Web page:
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From Pepijn Noltes <pepijnnol...@gmail.com>
Subject [DISCUSS] new Celix API
Date Tue, 29 May 2018 19:54:12 GMT
Hi All,

A while ago I created a proposal for a v3 Celix API. Since a few week I
have started working on some of the the changes, but adjusted them to keep
close to the OSGI api/nomenclature.
In this thread I would like to explain the changes I made and hope to start
a discussion to see if these change are in line with that we want as a
Celix community.

The API changes are added in new headers so that a) they can coexist with
the current API and b) the headers are not cluttered with two different
styles of API.

The basis premise is that most of the updated API is centred around the
bundle context. The bundle context is (from the OSGI spec) a object that
represents the execution context of a single bundle within the OSGi
framework, and acts as a proxy to the underlying Framework. And as such
should IMO be the primary entry to interact with everything the Celix
framework is offering.

This for example means that now both register and unregistering service is
done through the bundle context, also that setting up and stopping a
service tracker is done though the bundle context, etc.

Some of the more important changes are:

- All the updated APIs are location in the celix_ prefixed headers.

- All public functions in the update API are prefixed with celix_. This is
of course to prevent symbol collisions.

- Explicit locking is prevented by calling useService(s) functions, which
accepts user provided callbacks so that the framework can take care of
locking/race-conditions during the invocation of the callbacks.
Locking is really necessary in Celix to ensure that services cannot be
freed/unloaded if that service is still in use. On the other hand exposing
explicit lock functions or lock types are ugly, cumbersome and error prone.
The updated bundle context API now has useService(s) calls which lets the
users provide a callback. In the callback the framework ensure the locking
and the user can safely use the service - and other arguments - during the

- More focus on const correctness, specifically in the tracker/use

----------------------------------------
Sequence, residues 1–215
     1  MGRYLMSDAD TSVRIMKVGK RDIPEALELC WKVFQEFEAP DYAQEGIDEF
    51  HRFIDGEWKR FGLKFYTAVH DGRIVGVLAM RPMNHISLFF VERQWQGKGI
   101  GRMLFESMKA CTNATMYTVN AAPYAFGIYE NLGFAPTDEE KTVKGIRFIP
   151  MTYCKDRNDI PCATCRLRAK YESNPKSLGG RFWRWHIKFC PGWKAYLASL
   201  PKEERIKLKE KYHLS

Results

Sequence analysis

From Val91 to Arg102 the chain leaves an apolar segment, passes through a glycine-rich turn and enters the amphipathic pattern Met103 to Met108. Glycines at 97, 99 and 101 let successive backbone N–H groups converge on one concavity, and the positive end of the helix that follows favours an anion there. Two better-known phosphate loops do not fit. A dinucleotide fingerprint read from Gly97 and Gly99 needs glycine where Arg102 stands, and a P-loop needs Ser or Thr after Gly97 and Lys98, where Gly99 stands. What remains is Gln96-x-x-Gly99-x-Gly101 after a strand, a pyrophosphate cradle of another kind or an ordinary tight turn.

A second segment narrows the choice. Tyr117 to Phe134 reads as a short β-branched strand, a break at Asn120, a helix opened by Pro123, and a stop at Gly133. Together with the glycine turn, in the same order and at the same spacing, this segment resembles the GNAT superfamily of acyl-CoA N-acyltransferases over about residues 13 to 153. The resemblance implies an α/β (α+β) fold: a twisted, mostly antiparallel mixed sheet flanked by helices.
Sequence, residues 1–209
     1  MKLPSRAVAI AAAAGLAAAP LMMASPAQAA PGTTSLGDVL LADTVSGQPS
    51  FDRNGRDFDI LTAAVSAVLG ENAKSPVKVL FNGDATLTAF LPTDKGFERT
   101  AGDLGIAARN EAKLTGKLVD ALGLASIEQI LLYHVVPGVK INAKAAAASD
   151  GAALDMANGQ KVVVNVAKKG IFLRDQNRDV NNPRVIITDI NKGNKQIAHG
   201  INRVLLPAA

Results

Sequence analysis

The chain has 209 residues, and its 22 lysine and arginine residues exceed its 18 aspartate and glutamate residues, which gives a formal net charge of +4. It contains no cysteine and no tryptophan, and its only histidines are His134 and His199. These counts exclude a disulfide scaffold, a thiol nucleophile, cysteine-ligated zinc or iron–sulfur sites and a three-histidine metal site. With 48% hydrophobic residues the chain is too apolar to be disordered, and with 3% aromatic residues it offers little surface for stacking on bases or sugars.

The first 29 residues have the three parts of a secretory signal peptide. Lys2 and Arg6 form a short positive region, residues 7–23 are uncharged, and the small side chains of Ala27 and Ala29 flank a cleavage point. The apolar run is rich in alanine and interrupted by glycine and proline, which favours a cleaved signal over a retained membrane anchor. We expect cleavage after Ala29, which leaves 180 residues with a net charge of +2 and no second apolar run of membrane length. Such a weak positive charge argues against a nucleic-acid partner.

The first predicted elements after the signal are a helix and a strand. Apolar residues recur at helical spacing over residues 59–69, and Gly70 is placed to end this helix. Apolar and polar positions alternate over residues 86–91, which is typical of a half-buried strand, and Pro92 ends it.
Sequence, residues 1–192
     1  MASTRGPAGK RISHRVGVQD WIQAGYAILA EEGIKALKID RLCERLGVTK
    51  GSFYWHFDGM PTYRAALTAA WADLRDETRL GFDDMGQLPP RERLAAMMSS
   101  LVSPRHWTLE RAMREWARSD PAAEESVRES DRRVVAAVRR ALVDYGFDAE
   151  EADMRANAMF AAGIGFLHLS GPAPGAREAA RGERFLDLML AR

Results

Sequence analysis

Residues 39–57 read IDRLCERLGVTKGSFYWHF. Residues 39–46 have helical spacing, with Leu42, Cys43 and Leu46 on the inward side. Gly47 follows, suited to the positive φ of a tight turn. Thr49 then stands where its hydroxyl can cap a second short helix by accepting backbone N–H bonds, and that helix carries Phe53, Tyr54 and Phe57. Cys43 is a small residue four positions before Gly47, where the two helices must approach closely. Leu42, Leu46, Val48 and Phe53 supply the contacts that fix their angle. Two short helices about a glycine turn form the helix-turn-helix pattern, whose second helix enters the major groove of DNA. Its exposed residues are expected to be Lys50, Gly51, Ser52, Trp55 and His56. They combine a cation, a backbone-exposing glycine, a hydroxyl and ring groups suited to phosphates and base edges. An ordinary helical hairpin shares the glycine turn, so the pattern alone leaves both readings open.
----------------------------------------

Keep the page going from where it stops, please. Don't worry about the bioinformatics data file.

- Simpler error reporting. Although always returning a int stating if a
error occurred is very clear, it does make the code more verbose and (IMO)
unnatural to read. In most cases the returning type can easily be used to
indicate an error. This is now more often used.

- Less use of pointers. E.g. registering a service now returns a service id
(or <0 if error) instead of a service_registration_t pointer and setting up
a service tracker now return a tracker id (long). This prevents dangling
pointers and reduces the public api.

- Most of the bundle context calls now have a simple call (e.g.
celix_bundleContext_registerService) with a few arguments and a more
complex call which accepts a pointer to a options struct  (e.g.
celix_bundleContext_registerServiceWithOptions). This ensure that the basic
use can be left simple and also ensure that more complex setup are still

For example something like:
celix_bundleContext_registerServiceComplex(ctx, "service name", NULL, NULL,
props, NULL, "1.2.0");

Can be written as:
celix_service_registrations_options_t opts =
opts.serviceName = "servicename";
opts.properties = props;
opts.serviceLanguage = lang;
celix_bundleContext_registerServiceWithOptions(ctx, &opts);

More verbose, but also more readable.
With the additional benefit that these options struct can be extended in a
(source level) backwards manner.

- Although not a change, but IMO a benefit: Documenting the bundle context
API should help a lot in making the Celix framework more easier to
understand and get started with Celix.

For the code and updated examples see:
- celix_bundle_context.h
- C bundle example
- C services example

Some work is also already done for a C++ api. This is currently a fully
header based implementation, meaning that the installed celix libraries can
be kept pure C, but user
can choose to create bundles in C++. Note that there are still a lot of
TODO and the API is not stable.
For more info see:
- C++ BundleContext
- C++ bundle example
- C++ services example

All in all my hope it that this simplifies to usage of Celix, but at the
same time ensure that we can still support the "old" API for
the foreseeable future.

Any though, comments or no-dont-do-this remarks are welcome.


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